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Hackers: Affecting Small Businesses

It should be of no surprise that in today’s society with technology advances, social media, and new privacy laws, that cyber threats have become a growing concern among businesses. These threats are not just for large retailers either like Walmart or Home Depot, hackers are targeting small businesses as well. A recent article by CNBC  A fast-growing threat to small business: Hackers discusses a small business owner Kevin Stecko, who was a victim of a cyber crime.

B8kRFFyCEAIWtg9Kevin operates a T-shirt business 80Tees.com, and in January Discover notified him that cardholders using his website had experienced suspicious transactions on their accounts. The company immediately stopped all credit card transactions on their website, and notified the authorities. However, no evidence of a breach was detected. A few months later the other major credit card companies notified 80Tees.com that they too were experiencing complaints about fraudulent activity, confirming Stecko’s fears: The personal personal data of thousands had indeed been compromised.

This cyber crime resulted in the business having to pay $200,00 to solve the issue, which doesn’t include the loss in revenue while the website was only accepting PayPal transactions. Unfortunately this large loss was not covered by their standard business insurance policy, but could of been covered if they purchased Cyber Liability. Most insurance companies can provide special policies specifically targeting these types of exposures. Travelers Canada (one of our insurance carriers) for example has a product called CyberRisk, which will cover you for things like: Third party liability, worldwide coverage, first party coverage for computer fraud and funds transfer fraud, business interruption, communication and media coverage, etc. This policy and others like it you could expect to pay premiums ranging from $500 to $2000 a year for a small business. Large companies such as 80Tees.com, however, can expect to pay considerably more.

“Small businesses face many of the same cyberrisks as large corporations, including data breaches, the liabilities and lawsuits that follow after confidential customer data is stolen, and the business interruptions due to attacks that cripple websites. Cyberrisk insurance covers these issues, as well as acts of extortion and the introduction of malicious code or viruses.”

“One of the reasons why smaller businesses are vulnerable to hackers is that many lack an IT department and tend not to be as diligent as larger companies about security. That attitude, though, is changing.”

Here are a list of four compelling reasons why your small business should have cyber coverage

 1. Your general policy won’t cover an attack – Some business owner’s are under the impression that their commercial general liability policy will cover them for cyber attacks. This is not the case, some insurers may provide a very limited coverage for select types of attacks, but even that is not common place.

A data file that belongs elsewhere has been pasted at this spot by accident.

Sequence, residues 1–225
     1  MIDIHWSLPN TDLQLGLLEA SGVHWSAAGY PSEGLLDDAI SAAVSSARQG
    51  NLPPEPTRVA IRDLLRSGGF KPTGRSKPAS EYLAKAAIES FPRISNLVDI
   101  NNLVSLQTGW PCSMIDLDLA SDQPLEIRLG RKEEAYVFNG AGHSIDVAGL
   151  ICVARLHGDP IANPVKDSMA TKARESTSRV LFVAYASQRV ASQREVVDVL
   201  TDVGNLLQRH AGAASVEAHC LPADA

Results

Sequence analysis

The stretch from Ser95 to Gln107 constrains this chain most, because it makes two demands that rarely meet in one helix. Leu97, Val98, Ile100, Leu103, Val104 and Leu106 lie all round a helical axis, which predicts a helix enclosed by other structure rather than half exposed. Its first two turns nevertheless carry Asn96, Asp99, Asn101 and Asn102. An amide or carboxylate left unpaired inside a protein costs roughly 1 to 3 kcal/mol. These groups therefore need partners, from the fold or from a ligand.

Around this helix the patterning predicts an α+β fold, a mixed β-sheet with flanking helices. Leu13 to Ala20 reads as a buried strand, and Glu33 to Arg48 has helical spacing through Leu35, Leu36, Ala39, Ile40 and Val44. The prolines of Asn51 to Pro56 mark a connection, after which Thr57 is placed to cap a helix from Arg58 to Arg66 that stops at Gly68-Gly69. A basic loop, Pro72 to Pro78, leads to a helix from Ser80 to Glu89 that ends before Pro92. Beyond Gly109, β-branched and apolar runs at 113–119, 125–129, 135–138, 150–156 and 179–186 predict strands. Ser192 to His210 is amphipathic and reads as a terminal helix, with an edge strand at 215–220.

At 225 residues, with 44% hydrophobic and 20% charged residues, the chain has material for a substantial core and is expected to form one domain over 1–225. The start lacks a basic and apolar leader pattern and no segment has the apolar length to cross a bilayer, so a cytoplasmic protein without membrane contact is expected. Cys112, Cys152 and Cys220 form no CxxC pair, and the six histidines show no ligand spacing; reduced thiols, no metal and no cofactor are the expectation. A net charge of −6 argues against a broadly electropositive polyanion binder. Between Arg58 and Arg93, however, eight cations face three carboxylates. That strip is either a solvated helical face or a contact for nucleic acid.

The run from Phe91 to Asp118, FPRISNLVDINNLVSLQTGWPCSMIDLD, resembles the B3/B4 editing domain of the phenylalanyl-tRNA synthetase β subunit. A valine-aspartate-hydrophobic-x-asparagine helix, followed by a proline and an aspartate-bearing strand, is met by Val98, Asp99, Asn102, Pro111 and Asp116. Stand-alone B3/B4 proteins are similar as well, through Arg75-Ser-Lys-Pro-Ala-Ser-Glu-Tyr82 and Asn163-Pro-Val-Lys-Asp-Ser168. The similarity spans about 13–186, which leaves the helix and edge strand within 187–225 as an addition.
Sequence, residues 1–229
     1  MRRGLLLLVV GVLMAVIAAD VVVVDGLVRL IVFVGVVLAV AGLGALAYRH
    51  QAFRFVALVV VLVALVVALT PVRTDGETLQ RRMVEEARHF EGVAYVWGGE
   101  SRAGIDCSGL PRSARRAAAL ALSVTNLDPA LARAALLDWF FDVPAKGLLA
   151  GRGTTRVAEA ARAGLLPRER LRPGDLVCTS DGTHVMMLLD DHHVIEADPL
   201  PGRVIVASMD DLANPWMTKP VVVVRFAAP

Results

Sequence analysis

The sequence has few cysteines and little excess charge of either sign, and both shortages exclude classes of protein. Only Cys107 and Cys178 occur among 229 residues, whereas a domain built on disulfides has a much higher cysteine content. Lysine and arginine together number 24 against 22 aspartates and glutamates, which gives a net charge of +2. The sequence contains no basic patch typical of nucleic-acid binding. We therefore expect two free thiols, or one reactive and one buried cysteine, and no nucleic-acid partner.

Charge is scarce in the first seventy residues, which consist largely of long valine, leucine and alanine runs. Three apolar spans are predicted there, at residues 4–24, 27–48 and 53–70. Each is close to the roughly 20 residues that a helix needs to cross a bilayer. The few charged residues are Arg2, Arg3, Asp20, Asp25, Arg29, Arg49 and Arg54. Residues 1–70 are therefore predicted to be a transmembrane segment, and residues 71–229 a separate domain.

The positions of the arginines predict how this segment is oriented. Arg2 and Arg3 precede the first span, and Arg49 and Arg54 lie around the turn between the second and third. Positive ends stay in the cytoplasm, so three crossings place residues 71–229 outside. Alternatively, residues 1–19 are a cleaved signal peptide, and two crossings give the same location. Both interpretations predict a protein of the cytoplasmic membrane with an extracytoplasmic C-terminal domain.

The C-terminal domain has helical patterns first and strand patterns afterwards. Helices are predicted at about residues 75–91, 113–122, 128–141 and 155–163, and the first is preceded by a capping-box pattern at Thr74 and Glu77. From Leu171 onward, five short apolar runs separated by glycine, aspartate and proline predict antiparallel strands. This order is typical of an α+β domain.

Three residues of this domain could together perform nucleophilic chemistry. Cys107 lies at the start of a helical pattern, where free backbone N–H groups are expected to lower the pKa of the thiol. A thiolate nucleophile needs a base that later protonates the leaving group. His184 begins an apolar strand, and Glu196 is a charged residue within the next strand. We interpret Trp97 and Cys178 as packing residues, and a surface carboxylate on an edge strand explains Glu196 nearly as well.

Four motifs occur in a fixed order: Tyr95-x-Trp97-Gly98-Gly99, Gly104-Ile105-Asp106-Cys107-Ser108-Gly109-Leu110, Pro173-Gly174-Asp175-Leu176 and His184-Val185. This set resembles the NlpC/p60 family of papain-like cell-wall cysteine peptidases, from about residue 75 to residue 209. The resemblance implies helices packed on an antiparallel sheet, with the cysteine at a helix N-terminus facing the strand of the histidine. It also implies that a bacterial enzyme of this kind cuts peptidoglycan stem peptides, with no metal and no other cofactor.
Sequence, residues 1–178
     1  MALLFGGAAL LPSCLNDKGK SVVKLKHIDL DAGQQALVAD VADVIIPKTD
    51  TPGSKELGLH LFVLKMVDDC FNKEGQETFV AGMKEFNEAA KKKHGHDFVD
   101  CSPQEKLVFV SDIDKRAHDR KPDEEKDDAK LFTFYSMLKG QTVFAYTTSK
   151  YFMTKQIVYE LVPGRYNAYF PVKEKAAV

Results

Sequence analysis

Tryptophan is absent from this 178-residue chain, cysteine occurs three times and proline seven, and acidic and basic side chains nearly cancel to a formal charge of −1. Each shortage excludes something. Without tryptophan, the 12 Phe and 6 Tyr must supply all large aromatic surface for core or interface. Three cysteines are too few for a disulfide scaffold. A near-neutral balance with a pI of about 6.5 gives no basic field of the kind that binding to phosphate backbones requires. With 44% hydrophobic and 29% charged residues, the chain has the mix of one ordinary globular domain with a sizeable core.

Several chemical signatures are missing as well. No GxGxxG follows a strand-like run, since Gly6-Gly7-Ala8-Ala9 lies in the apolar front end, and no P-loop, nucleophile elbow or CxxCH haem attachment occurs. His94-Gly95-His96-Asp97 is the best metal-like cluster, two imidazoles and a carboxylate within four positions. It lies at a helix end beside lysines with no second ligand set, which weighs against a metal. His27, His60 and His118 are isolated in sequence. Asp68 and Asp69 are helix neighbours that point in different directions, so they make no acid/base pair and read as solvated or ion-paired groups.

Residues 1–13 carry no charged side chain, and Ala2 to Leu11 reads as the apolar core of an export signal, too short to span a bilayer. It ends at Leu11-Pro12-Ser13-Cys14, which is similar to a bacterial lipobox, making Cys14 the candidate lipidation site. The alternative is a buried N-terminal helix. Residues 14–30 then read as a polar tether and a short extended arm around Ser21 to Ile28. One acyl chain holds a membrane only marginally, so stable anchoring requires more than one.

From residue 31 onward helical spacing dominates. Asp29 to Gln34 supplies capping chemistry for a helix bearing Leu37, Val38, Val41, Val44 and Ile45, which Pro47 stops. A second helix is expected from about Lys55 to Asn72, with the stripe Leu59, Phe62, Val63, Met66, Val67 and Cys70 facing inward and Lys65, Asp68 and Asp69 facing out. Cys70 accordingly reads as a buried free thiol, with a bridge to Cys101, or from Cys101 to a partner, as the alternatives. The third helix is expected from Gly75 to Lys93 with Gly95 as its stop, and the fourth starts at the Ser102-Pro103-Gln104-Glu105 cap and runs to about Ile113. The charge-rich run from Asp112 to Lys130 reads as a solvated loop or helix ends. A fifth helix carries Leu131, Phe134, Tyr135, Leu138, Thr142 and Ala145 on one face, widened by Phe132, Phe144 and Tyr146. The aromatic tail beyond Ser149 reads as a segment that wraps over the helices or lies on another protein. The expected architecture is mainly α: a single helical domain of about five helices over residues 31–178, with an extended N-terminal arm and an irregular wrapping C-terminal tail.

2. The cost of an attack can be devastating – 31% of cyber crimes happen to businesses with a staff of 1 to 250 people, and costs them an average of $3.5 million per attack, according to Ponemon Institute’s 2014 data breach study. Cyber attacks aren’t as clear cut as a simple automobile fender bender for example, it’s sometimes hard to determine how many records were affected, and could result in many other costs that you wouldn’t think of. Not only do forensic examiners need to be hired but also lawyers, security consultants, and public relations firms.

3. Regulations and laws – There are laws and statutes that businesses need to aware of, and will have to comply with if their network has been compromised. Failure to abide by these laws could result in fines. These laws may require credit monitoring to be set up, forensic investigators to be hired, or the use of crisis communications consultants, which you can imagine won’t be a cheap process.

4. Business Interruption –  When there has been a breach of your companies system, or online website, it may require you to shut down your business operations until the problem has been resolved, and new adequate security systems have been put into place. When your business isn’t generating any income for a considerable amount of time it could seriously hurt your business financially. Most insurance cyber crime policies will have business interruption coverage to prevent this.

CNBC: A fast-growing threat to small business hackers
Travelers: Cyber+ coverage
CanadianUnderwriting.ca: 64% of Canadian CEOs surveyed expressed concern about data security
Phonemon Institute: 2014 Cost of data breach
CNBC: Why cyber-insurance will be the next big thing
Symantec: Internet security threat report 2013